The Morenita Street Food Tour is a 3-hour morning, afternoon o nighttime activity where we showcase the most delicious tacos, tortas, homemade mole, tostadas, churros, coffee, chocolate and fresh seasonal fruit. Guests visit colorful food markets and street stands alongside a local bilingual chef.
Mexico possesses something that’s worth the weight of all the Aztec gold unfairly turned into European royal jewels and coins: a culture so profound in its value, it has no price.
I’m a 3rd generation American who moved to Mexico two years ago to reconnect with my heritage. While living here, on more than one occasion I’ve sat next to a table of travelers in shock … by how cheap their bill was. They did the conversion and blurted out ‘Oh wow, that was only $20 bucks!’. Instead of leaving the table pleased with the unique food experience they just had, perhaps even the friendly service, they left elated by the conversion of pesos to dollars. I wondered, how could we help foreigners look past this and open their eyes to the real gold in front of them?
As I was brainstorming how to communicate this notion of Mexican self-worth for this piece, I remembered reading about La Malinche. La Malinche was a female interpreter who helped the Spanish conquer the Aztecs by revealing secrets and vulnerabilities to the invaders. She became Hernan Cortez’ concubine, bearing his children who would become the first mestizos, or Mexicans. I sometimes wonder if she did it on purpose, a silent revenge for being given as a slave to the invading Spaniards. On a side note, that would be an interesting historical fiction novel, a revenge story told from her political point of view of taking down the nation who sold her into slavery. Anyway, the historical figure has now become a term used in contemporary society to describe a behavior, malinchismo.
‘‘I refuse to perpetuate the notion that a culture as rich as ours, one that has enlightened all of humanity with its many gifts, should be cheap.”
My understanding is that malinchismo is equal to self-loathing, the act of looking down on one's culture, while elevating others as better than or superior to. In Mexico specifically, it means thinking American culture, in large part due to its economic and military strength, is superior to Mexico’s, regardless of the fact that, without ever invading other countries, Mexico once hosted one of humanity’s most evolved and sophisticated civilizations. In conversation with Cristina Lugo, Founder of Morenita Experience, she asked me: “Bella, did you know that for years the Spanish filled boats with thousands of tons of Mexican gold, which were then turned into coins that fueled their European monarchies for centuries? Can you believe the irony? Today, people from so-called “first world” countries come to Mexico to vacation and still, after all the immeasurable wealth that was taken from us, they aren’t expecting to spend a considerable amount of money while they’re here. They’re expecting it to be cheap. How much of that is the byproduct of an unfair history, and how much of that is our fault? I refuse to perpetuate the notion that a culture as rich as ours, one that has enlightened all of humanity with its many gifts in the form of music, art, dance, food, natural resources and breathtaking sights, should be cheap”, said the passionate entrepreneur.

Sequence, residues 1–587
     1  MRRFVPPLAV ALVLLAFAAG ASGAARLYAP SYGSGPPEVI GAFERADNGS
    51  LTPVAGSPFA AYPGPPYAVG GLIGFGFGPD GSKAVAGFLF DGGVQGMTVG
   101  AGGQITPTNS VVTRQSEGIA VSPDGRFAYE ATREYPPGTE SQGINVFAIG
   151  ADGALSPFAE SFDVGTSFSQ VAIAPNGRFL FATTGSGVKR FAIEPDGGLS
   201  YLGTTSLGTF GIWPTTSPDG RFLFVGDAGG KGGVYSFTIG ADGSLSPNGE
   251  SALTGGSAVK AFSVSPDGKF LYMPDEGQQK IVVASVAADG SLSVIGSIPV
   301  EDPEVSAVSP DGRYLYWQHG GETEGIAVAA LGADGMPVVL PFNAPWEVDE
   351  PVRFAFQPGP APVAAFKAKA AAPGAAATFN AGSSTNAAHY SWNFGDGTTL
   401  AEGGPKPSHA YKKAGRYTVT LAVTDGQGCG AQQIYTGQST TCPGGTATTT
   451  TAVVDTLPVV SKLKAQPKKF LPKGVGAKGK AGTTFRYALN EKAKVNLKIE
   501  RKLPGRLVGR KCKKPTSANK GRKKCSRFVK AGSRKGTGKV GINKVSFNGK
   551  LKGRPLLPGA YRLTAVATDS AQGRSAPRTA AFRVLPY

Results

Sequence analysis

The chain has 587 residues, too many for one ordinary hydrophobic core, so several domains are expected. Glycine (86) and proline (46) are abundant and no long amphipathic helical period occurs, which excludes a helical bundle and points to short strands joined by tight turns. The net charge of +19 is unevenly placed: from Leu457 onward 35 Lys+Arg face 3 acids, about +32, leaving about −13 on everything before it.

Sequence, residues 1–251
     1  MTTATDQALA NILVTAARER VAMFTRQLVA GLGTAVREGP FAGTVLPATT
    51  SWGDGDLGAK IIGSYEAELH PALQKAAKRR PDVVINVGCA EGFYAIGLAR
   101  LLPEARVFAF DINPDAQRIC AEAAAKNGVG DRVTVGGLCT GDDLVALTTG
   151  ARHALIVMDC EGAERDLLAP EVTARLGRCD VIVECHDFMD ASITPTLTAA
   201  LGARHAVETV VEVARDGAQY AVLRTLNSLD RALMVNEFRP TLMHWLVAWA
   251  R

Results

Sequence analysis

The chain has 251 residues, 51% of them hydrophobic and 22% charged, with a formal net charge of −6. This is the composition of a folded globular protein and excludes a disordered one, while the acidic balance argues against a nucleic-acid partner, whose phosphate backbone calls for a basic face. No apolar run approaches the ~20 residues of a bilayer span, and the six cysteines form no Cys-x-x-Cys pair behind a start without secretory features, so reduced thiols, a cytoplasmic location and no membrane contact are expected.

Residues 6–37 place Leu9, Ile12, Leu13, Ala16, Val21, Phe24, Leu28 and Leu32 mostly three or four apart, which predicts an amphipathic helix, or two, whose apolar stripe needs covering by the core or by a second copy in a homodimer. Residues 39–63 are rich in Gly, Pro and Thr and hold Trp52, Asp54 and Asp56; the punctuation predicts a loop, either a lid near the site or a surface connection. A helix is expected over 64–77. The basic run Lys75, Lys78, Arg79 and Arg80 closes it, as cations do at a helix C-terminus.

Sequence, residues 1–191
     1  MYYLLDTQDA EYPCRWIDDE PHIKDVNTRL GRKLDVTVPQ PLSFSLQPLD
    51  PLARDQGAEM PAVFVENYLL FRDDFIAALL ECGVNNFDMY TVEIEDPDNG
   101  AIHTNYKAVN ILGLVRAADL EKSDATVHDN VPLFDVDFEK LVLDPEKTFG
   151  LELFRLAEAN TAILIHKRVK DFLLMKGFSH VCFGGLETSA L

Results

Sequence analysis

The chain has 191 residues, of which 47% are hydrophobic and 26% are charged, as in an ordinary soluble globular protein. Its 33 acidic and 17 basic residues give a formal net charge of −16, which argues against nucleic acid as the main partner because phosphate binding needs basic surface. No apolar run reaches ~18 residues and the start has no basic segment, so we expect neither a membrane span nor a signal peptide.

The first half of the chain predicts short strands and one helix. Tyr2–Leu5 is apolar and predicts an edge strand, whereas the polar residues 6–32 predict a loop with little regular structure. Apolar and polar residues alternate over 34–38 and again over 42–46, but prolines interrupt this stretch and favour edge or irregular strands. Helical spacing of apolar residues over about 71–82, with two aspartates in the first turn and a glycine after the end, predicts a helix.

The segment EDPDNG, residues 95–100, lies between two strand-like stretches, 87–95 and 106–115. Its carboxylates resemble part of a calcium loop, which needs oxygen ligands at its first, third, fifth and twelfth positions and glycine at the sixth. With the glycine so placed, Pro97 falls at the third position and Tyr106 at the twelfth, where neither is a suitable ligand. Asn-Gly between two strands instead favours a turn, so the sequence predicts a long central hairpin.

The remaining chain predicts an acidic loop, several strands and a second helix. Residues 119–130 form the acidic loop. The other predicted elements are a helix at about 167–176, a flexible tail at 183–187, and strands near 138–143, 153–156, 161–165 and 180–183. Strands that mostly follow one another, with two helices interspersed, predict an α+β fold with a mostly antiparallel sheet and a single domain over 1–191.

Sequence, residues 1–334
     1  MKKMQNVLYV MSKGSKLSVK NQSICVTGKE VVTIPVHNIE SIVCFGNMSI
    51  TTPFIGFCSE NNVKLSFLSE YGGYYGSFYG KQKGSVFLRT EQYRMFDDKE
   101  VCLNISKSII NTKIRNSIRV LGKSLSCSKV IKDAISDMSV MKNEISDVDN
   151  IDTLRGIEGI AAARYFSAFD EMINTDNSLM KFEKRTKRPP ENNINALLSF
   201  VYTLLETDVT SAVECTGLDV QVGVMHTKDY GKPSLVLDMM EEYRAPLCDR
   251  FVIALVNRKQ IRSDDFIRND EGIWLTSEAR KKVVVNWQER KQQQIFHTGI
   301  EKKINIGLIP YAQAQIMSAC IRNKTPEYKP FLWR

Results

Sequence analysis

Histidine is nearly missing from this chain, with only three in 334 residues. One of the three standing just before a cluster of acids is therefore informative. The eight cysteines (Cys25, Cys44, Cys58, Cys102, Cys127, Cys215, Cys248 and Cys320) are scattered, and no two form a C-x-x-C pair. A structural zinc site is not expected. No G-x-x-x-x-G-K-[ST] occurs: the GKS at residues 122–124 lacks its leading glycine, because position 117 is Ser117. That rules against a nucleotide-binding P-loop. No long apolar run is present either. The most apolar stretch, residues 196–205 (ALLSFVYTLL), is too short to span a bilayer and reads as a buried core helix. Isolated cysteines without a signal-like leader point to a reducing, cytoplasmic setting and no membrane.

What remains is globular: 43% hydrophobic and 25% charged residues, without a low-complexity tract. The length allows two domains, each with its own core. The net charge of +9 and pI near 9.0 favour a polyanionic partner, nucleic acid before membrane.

México boasts more than 35 UNESCO World Heritage Sites
I’ve always felt that travel is one of the greatest luxuries of the human experience. I asked Cristina to share what she’s most proud of when offering a luxury travel experience to global travelers. She quickly provided a concrete example. “México has over 35 UNESCO World Heritage sites”, she stated. “Do you know what that means? A United Nations World Heritage Site is important to the collective interests of humanity. It is protected by international treaties and may signify a remarkable accomplishment for all humans, serving as evidence of our intellectual history on this planet. Mexico is one of the countries with the most World Heritage Sites and Cultural intangibles in the World. As a country, as a culture, what Mexico represents is important for all humans everywhere.” In México, cultural value is measurable. So again, why do we devalue ourselves and communicate this notion of cheapness to travelers giving them free reign to label us in that same manner?
Is it Malinchismo? Yes. Is it time to wake up? Absolutely.
New President, Mexican Indians at the Oscars
Since living in México, I’ve seen an incompetent racist become President of the United States, witnessed the breakdown of the EU with Brexit, a nationalist lunatic win power in Brazil, and for the first time in México, an election free of fraud and tampering where the people voted for a political party that has never taken power before. It is fact, the rotation of political earth is now clockwise.
On December 1st, Andres Manuel Lopez Obrador took over as President of Mexico. He spoke about tourism being an important part of our countries sustainability and richness. Once I got to a TV and saw the stage, the production, the amount of people gathered in the Zocalo, the historic center of our city where the Aztec build their temples and colonial invaders built atop them, the smoke from the indigenous ritual burning behind him and the dozens of Mexican indians surrounding him... I’d never seen anything like that before in the modern western world. It’s only been a few days, and many promises still have a way to go before being met, but at least from what I saw on that stage, something is changing. For me, it feels like the type of change that disrupts and ripples into a collective mentality of greater self-worth.